The largest storm surge observed at the coast in Shanghai since 1921 was 5.9 feet (1.81 meters) during Typhoon Emma of 1956. However, Emma's maximum surge did not occur at high tide (the difference between low tide and high tide in Shanghai is about 7.2 feet or 2.2 meters, so it makes a big difference when the maximum storm surge arrives, relative to high tide.) The highest storm tide (water level) in Shanghai came during Typhoon Winnie of August 1997. Although Winnie was only a Category 1 storm with 85 mph winds when it made landfall, and the storm struck relatively far from Shanghai, about 180 miles to the south, the storm surge from Winnie was only 5.5" (14 cm) below the top of the 19.2-foot (5.86 meter) Suzhou Creek floodgate that protects downtown Shanghai on the Huangpu River, which flows through the center of town. This floodwall was rated to protect against a 1-in-200 year flood, and was overtopped by about one foot (30 cm) along a 8.5 mile (13.7 km) section inland from the downtown area, flooding over 400 homes (source: Flood probability analysis of the Huangpu barrier in Shanghai, M.S. thesis by Qian Ke.) According to EM-DAT, Winnie killed 240 people and did $2.7 billion (1997 dollars) in damage to China. The floodwall protecting downtown Shanghai has been raised by 3.4 feet (1.05 meters) since then, giving the city protection against a 1-in-1000 year flood. Thus, it will take a much stronger storm than Winnie to flood the city. Chan-hom is predicted to be a much stronger storm at landfall than Winnie was, and is forecast to hit closer to Shanghai. The newly raised floodwalls of Shanghai may see their highest water levels in history when Chan-hom makes landfall, depending upon whether or not the peak storm surge occurs near high tide.

Low tide in Shanghai is at 07:07 UTC Saturday, about the time that Chan-hom is forecast to make landfall. That is potentially good news for the coastal region near the landfall point. However, high tide is at 12:48 UTC Saturday, at a time when the center of Chan-hom is predicted to be over land but just south of the city, so the counter-clockwise circulation around the center will be pushing water into the city. Fortunately, this high tide is not a very high one--high tides late next week will be more than two feet higher than this. Though Chan-hom will be weakening as it approaches Shanghai during Saturday's high tide, JTWC is predicting the storm will still be at Category 1 strength. If Chan-hom follows the JTWC track and intensity forecast, it will be capable of pushing a record-size storm surge into the city during this 12:48 UTC Saturday high tide, potentially challenging the 1-in-200 year water levels observed during Typhoon Winnie of 1997. I've read several studies explaining how storm surge propagation in the Yellow Sea is extremely complicated, so I am unsure just how the great the risk is from this storm without seeing data from a sophisticated real-time storm surge model, though.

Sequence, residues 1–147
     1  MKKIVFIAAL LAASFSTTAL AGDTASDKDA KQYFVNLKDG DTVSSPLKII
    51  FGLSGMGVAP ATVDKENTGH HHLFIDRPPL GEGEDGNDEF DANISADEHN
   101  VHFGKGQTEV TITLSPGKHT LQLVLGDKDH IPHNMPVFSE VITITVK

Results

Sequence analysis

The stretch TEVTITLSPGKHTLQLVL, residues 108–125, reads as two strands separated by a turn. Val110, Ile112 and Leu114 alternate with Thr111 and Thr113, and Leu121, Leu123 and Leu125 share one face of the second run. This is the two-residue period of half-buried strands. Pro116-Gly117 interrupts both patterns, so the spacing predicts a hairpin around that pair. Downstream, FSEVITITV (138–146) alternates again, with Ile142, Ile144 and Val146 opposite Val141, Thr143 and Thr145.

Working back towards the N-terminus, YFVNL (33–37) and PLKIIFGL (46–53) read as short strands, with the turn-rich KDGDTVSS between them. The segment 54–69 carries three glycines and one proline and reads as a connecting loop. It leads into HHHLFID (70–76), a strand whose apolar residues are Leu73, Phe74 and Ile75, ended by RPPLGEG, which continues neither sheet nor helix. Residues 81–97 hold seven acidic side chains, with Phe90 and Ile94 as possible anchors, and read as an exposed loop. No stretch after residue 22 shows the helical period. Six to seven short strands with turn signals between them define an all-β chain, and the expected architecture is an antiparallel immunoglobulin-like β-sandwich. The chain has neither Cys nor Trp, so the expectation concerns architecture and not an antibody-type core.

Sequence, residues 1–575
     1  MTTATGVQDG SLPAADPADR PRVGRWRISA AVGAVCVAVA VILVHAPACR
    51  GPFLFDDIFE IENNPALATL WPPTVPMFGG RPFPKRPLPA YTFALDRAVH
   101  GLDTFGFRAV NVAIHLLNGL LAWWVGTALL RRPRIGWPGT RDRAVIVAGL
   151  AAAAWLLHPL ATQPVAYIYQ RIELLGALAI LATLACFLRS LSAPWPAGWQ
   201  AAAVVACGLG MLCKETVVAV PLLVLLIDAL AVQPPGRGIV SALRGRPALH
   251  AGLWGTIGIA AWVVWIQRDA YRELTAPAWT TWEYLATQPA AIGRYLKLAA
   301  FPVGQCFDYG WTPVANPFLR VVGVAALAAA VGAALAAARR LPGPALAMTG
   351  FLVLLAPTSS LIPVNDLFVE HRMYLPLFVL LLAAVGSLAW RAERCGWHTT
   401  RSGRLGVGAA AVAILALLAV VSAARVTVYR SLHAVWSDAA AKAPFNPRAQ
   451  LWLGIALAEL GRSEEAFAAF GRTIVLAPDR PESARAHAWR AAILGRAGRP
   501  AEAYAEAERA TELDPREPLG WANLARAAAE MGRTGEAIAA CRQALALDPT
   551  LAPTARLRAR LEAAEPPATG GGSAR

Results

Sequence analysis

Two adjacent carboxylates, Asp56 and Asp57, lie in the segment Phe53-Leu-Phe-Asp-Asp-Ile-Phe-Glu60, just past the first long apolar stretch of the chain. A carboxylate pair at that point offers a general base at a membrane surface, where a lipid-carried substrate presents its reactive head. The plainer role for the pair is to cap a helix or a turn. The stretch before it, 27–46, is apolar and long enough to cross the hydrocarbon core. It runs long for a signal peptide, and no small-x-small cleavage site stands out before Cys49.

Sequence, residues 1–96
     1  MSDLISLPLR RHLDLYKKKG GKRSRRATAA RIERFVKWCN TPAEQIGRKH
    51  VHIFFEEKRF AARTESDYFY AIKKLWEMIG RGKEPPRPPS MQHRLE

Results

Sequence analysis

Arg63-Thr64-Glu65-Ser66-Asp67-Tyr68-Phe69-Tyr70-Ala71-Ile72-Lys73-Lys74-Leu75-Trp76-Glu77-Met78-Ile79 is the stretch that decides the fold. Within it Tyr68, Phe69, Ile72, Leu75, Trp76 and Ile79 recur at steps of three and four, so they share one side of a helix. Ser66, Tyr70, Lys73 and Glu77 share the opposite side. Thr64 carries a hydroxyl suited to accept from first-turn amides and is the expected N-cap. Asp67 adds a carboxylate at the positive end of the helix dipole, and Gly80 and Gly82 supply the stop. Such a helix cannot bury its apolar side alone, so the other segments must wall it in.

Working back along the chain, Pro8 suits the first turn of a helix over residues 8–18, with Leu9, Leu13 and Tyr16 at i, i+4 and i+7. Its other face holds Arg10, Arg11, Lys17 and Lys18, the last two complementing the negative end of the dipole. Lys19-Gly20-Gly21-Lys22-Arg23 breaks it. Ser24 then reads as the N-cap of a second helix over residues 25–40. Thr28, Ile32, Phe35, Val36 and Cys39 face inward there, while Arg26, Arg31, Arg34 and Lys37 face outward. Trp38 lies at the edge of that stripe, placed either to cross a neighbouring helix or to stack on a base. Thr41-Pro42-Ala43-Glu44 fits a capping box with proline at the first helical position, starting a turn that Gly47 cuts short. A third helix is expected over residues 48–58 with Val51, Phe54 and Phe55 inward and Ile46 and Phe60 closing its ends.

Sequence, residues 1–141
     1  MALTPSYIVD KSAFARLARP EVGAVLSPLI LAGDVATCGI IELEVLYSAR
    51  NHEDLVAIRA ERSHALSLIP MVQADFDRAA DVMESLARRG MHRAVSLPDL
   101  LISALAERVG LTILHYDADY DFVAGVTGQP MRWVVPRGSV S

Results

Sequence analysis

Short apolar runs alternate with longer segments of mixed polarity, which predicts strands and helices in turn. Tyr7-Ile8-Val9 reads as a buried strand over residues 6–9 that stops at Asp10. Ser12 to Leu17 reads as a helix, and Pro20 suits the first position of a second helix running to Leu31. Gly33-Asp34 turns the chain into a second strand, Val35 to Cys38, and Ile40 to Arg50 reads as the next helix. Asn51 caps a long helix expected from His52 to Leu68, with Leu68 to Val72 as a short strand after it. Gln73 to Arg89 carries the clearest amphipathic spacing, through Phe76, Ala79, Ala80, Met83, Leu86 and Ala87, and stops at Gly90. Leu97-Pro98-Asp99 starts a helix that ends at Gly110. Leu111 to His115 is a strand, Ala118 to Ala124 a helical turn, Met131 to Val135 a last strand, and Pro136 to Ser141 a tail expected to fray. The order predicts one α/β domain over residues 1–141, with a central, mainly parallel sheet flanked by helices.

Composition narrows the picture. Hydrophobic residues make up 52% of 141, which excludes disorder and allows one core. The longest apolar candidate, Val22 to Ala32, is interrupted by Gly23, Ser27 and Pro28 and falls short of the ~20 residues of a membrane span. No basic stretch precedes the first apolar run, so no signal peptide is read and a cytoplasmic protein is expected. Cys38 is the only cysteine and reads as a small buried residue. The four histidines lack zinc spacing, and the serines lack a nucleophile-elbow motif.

Figure 3. Typhoon Winnie as it passed just south of Okinawa on August 17, 1997, at 11:36 UTC. Note that the small inner eyewall of the typhoon had become completely surrounded by a concentric 230-mile diameter eyewall. Image credit: Navy Research Lab, Monterey.

Why was Typhoon Winnie's storm surge so high?
If Typhoon Winnie was only a Category 1 storm, and its center crossed the coast relatively far away from Shanghai (180 miles), why did it bring such a large storm surge to the city? Well, Winnie was a freak. According to the Joint Typhoon Warning Center (JTWC) 1997 Annual Tropical Cyclone Report, as Winnie moved toward Okinawa on August 16, 1997, a large outer rain band began to encircle the inner eyewall. By the time the typhoon passed over Okinawa, the rain band had become a complete, 230 mile (370 km) diameter concentric outer eyewall, possibly the largest ever observed (tied with 1960's Typhoon Carmen, which also had a 230-mile diameter outer eyewall.) Whenever an intense tropical cyclone forms concentric eyewalls, the peak winds of the inner eyewall fall significantly, but the hurricane-force winds of the storm spread out over a wider area that encompasses the outer eyewall, increasing the size of the storm surge. Winnie's strong winds were able to pile up a massive mound of water into the relatively shallow waters of the Yellow Sea off the coast of Shanghai. Since the Yellow Sea is enclosed on three sides, with the Korean Peninsula blocking the flow of water to the northeast, this extra water had nowhere to go except up onto land when the center of Winnie pushed inland.